Braves' woes extend beyond 2nd-inning dust-up

June 24th, 2019

CHICAGO -- If William Contreras does indeed become Atlanta’s catcher of the future, his older brother Willson says their sibling bond will not stop him from displaying the same competitive intensity that sparked a benches-clearing incident Monday night and agitated the Braves in an 8-3 loss to the Cubs at Wrigley Field.

"You know what?,” Willson Contreras said. “I think when I go out there, I don't have friends. He's the same way. He knows that when we go out there, we fight for our team and we just care about our team. He's going to do his job. I'm going to do my job. So, if he's up, it's going to happen. Even my brother. He knows. We're both gamers. We both like to win. I think that's a good thing, when you're a winner and you try to do the right thing for your team."

Displaying competitive fire and exuberance is certainly acceptable. But when the ensuing actions are deemed disrespectable, the environment can breed the kind of brief, but spirited verbal spat that occurred when Willson Contreras opened the bottom of the second with an opposite-field homer off .

“I think it was over as soon as it was over,” Braves manager Brian Snitker said. “It was just a couple of guys having a discussion. It was just a couple catchers going at it.”

What was clearly seen was Contreras saying something to as he exited the batter’s box and then exchanging more unpleasantries with the Braves’ catcher as he crossed the plate.

What might not have been seen was the exchange these two catchers shared when Contreras objected to John Tumpane’s call on a 1-1 pitch at the bottom of the zone and then stepped out of the box twice before homering on the next pitch.

“It was all unnecessary, in my opinion,” Flowers said. “If a guy is a decent hitter, he doesn’t need to complain about every call. We won’t get into every aspect of that game we just finished. But he got plenty of calls for his guys, too. Sometimes, you’ve got to pick your battles. Hopefully, that’s something he’ll learn when he gets a little older.”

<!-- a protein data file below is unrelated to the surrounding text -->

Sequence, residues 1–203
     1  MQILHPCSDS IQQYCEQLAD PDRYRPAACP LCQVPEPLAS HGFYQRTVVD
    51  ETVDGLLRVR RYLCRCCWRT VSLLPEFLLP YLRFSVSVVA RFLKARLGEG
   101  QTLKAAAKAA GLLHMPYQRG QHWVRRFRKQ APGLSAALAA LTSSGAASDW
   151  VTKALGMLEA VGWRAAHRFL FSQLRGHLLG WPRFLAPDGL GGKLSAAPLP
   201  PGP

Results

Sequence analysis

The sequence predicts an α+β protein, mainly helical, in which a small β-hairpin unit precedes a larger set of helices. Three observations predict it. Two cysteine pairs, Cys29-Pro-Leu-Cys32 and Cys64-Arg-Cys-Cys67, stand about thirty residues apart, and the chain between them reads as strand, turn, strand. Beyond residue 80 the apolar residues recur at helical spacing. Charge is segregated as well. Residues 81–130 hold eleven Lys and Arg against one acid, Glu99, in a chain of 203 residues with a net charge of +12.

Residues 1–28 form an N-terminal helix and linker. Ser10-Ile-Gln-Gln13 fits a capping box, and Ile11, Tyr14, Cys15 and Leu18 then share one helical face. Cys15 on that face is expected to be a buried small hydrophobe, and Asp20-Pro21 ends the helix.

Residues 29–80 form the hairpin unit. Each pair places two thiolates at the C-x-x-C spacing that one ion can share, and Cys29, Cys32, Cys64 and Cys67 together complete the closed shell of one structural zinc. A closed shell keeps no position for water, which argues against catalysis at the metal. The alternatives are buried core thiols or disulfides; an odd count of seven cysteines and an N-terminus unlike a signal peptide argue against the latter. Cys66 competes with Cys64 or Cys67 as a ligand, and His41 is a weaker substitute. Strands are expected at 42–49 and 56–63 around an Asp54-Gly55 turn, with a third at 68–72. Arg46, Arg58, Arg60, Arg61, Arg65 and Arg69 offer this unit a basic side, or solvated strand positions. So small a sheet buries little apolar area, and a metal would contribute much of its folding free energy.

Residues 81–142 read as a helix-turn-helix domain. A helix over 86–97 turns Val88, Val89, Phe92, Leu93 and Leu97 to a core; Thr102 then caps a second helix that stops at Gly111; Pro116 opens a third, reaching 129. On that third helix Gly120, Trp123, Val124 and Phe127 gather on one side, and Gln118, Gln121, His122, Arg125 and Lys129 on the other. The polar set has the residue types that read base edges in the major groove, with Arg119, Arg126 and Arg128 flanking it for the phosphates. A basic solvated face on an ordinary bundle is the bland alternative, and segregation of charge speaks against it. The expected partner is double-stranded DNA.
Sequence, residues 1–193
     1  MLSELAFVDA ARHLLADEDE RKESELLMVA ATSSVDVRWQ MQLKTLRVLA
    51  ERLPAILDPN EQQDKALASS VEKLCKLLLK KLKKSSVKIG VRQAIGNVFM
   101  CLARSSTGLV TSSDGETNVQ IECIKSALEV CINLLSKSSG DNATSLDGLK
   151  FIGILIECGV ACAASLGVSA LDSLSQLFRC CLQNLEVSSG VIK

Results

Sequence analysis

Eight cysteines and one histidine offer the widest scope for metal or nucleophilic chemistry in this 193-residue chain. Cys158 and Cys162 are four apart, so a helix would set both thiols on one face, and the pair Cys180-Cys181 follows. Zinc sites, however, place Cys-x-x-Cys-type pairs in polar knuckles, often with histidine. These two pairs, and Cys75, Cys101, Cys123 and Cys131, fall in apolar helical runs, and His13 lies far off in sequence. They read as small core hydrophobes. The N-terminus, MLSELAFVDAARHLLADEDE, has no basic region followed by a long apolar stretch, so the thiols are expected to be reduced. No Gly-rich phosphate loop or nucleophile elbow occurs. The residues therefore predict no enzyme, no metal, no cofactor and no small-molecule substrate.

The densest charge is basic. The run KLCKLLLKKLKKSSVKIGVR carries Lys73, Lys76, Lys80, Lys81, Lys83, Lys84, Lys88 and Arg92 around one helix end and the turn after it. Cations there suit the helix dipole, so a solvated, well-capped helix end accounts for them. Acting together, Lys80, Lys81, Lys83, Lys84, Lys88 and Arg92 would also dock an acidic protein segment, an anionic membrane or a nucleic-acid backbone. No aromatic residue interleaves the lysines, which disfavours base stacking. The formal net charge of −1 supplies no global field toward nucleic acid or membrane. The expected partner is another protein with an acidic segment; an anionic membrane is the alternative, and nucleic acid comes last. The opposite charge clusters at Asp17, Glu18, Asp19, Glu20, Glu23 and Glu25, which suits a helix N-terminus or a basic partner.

According to Flowers, Contreras told Tumpane he was being fooled by Flowers’ well-known framing abilities. The Braves’ catcher just wanted Contreras to get back in the batter’s box.

William Contreras, who was recently promoted to Double-A Mississippi, is the Braves’ No. 6 prospect, per MLB Pipeline. The Braves believe the 21-year-old catcher has the tools to be as successful as his older brother.

But during the brief time they have shared with William during Spring Training, the Braves have gained the sense he has a more relaxed, less-agitating personality than Willson.

“William, from what we saw in Spring Training, was kind of quiet,” Teheran said. “Even when he was talking to the Latin guys, he was kind of quiet and nice. I don’t see Willson that way. He’s kind of different. But every guy is different when it’s game time. You get an attitude, and I respect that. As long as you don’t disrespect the other guy or the other team, I’m fine with it.”

This latest incident with Willson Contreras accounted for just a fraction of the frustrations the Braves experienced on the way to suffering just their fourth loss in their past 17 games. They tallied just two unearned runs during Jon Lester’s six-inning performance and watched Teheran endure a second consecutive ugly start.

Teheran did not retire any of the six batters he faced during the decisive five-run fifth. The veteran hurler has allowed 17 hits and 13 earned runs over his past eight innings. That follows a stretch that saw him post a 0.81 ERA over eight starts.

Just as Teheran will return to the mound next week looking to put these past two starts behind him, Contreras will move on from this incident. But there’s certainly no guarantee this will be the last time he agitates some of the guys his younger brother might eventually call teammates.

“I have nothing against that team,” Contreras said. “They have a really good team. But, I've got to do things for my team, too. I think that set the tone of the game. After that happens, we all went to get out there to battle and win this ballgame.”